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United Kingdom 2005
Directed by
Bradley Beesley
110 minutes
Rated M

Reviewed by
David Michael Brown
5 stars

The Fearless Freaks - The Wondrously Improbable Story Of The Flaming Lips

Synopsis; The lives and musical careers of Wayne Coyne, Steven Drozd and Michael Ivins, collectively known as The Flaming Lips, probably one of America's finest musical exports.

Director Bradley Beesley, band leader Wayne Coyne's art school neighbour, was given unlimited access to the band for almost 15 years. Following the highs and lows, the heartaches and the tragedies he has put together an enthralling look into their lives and careers. Somehow, against the odds, the self-proclaimed hillbilly punk version of The Who have become one of the rock world's most engaging and much loved acts.

The documentary follows them from their early career as atonal punks through to their guest appearance on Beverly Hills 90210, and their first hit single, well into their career with She Don't Use Jelly. It's quite astonishing that a group with barely a hit to their name managed to persuade Warner Brothers to finance Zaireeka, a four album set that could only be listened to on four separate stereos playing at the same time. The fact that they toured the album conducting an orchestra of boom boxes during their car park experiments is even stranger.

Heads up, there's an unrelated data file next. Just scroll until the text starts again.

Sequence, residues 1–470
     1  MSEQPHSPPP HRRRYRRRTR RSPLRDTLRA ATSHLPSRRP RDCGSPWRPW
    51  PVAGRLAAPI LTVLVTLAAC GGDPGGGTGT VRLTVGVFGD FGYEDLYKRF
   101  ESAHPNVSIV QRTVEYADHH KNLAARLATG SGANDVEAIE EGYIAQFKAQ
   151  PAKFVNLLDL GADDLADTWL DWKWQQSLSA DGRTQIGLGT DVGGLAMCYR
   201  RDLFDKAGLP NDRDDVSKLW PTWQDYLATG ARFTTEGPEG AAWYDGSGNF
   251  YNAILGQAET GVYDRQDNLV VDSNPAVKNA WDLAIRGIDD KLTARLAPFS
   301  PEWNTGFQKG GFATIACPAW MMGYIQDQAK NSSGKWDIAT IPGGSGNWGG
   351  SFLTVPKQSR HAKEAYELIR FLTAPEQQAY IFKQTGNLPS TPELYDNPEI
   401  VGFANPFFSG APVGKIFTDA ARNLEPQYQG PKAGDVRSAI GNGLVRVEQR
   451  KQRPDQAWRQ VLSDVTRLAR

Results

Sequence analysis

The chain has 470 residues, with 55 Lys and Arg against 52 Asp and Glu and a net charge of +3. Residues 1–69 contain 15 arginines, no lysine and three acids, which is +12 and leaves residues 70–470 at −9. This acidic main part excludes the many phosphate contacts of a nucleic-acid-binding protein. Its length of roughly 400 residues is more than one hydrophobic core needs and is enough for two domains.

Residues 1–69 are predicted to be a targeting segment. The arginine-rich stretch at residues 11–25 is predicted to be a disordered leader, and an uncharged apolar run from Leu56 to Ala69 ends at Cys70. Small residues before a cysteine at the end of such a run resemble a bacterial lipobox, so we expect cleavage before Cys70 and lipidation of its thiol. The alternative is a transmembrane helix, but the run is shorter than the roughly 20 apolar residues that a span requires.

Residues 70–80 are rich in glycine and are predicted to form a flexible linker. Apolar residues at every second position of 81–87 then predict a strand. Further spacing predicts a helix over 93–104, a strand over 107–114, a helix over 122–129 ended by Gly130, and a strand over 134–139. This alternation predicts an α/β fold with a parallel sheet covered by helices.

The Soft Bulletin and Yoshimi Battles The Pink Robots both brought the band critical acclaim but their modern day concerts featuring giant dancing inflatable suns, people dancing on stage dressed in furry animal costumes, glitter cannons, singing nun hand puppets and blood capsules have become the stuff of legend.

Steven Drozd, an ex-heroin addict gives a shockingly detailed account of his battles and the band's tough love approach in trying to make him stop. A musical genius and multi-instrumentalist, it is distressing to hear him discuss his addiction whilst he graphically shoots up in front of the camera. It's a brave move on Beelsey's part to include the footage but it gives the band an even more human side, as does footage of front man Coyne dealing with his father's death. The shots of Coyne helping the roadies set up the band's stage set and adjust the stage lighting just makes you love him and the band still more.

In these days of plastic pop prima donnas it's not so amazing that the strangest and most beguiling band working today are also the most human. This record of their activities is a joy from beginning to end and a must for anyone with an interest in vibrant and daring music. This reviewer may be slightly biased having seen the band on numerous occasions but The Fearless Freaks is for me a five star triumph.




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